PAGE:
Latimer and Taylor were the outstanding men for Wabash. Latimer played El
nice game at end, and Taylor looked good on defense. Brooks and Robbins at
halfback posts were consistent ground gainers.
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McMaster-s Elliott Bayes
WABASH 27g STATE NORMAL 6
In a rough and tumble affair, Coach Vauhan's gridders ground out a 27 to 6
victory over Coach Larry iVlark's Terre Haute Normal outfit. The game was marked
by considerable roughness by both teams. The Normalites scored their touchdown
in the second quarter, after a march down the field. Wabash scored twice in the
first half, and twice in the third quarter. Weist and Hankins were the big offensive
guns and were responsible for large gains. The reserves saw plenty of action in
the first half which ended 14 to 6 in favor of the Scarlet.
WABASH 6g COLGATE 14
After leading 6 to O at the half, the Little Giant gridders succumbed in the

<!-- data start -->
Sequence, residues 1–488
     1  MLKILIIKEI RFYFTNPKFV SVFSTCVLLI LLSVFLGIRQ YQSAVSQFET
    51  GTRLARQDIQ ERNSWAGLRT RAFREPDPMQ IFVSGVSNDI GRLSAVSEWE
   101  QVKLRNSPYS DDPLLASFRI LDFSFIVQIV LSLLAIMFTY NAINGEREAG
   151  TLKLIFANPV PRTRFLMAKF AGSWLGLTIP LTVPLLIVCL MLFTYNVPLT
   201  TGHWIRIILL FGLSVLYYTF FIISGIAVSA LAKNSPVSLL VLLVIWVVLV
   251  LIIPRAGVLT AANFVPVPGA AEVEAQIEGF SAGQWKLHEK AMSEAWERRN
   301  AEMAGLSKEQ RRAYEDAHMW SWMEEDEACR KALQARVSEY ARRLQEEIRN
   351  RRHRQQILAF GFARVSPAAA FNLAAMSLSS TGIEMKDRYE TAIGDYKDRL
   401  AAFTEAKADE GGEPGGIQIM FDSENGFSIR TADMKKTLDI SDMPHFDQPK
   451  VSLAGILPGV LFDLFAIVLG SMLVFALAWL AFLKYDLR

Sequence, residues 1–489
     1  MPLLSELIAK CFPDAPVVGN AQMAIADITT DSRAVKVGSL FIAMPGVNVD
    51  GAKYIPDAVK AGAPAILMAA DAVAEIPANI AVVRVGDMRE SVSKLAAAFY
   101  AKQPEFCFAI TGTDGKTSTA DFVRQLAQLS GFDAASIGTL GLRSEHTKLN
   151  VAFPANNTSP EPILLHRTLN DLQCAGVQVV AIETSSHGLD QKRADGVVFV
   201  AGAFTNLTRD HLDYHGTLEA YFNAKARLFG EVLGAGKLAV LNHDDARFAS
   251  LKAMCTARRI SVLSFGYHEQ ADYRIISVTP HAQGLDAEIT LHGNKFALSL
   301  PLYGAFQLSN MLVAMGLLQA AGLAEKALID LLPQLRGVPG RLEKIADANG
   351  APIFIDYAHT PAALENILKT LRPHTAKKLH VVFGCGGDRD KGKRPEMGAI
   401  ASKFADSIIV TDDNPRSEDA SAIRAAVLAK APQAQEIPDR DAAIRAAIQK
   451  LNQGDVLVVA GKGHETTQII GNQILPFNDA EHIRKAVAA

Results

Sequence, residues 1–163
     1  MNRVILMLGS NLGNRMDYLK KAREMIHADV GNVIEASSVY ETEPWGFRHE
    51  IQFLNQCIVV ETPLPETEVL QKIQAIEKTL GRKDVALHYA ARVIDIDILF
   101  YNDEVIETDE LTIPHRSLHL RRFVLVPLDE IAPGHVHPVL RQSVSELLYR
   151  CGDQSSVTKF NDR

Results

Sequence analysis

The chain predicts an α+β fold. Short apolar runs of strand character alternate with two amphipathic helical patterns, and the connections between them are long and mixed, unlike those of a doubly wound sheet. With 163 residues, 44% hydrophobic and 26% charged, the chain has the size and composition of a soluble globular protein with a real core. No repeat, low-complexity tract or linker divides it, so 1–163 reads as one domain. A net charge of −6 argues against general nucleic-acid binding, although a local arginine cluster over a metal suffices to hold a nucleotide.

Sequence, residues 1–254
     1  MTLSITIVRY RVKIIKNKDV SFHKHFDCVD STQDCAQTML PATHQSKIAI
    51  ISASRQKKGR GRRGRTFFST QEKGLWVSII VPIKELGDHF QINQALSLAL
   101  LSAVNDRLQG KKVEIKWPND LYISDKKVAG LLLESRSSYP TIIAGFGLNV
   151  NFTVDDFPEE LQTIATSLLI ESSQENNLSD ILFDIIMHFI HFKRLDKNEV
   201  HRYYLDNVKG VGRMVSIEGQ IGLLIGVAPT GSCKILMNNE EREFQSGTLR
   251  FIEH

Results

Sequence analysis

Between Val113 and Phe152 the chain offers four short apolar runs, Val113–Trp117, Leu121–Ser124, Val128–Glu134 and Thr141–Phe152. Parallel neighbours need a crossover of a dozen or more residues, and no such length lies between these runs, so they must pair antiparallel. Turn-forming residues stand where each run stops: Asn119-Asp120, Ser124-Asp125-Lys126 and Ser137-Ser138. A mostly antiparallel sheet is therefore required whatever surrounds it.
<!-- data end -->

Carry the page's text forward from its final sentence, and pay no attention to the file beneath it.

second period to a brilliant running attack, to lose to Colgate. The Easterners were
out for revenge, as the Wabash gridders had copped a close game in 1927, 7 to 0.
The Wabash team accounted for its marker in the second quarter after a steady
drive clown the field. Time and again Weist and Laser plowed through the Colgate
line for substantial gains. Laser crushed through the line for a touchdown.
Early in the second half Colgate opened up a dazzling overhead attack which
brought the ball to the Wabash 8 yard line. The Scarlet line stiffened and held
Larimore Caile Casey
the Hamilton outfit for two downs, but a terriiic line plunge by Vaughan, giant
negro fullback gave the Easterners their intial marker. The try for extra point was
successful. A 60 yard gallop in the last minute of play by Yablok accounted for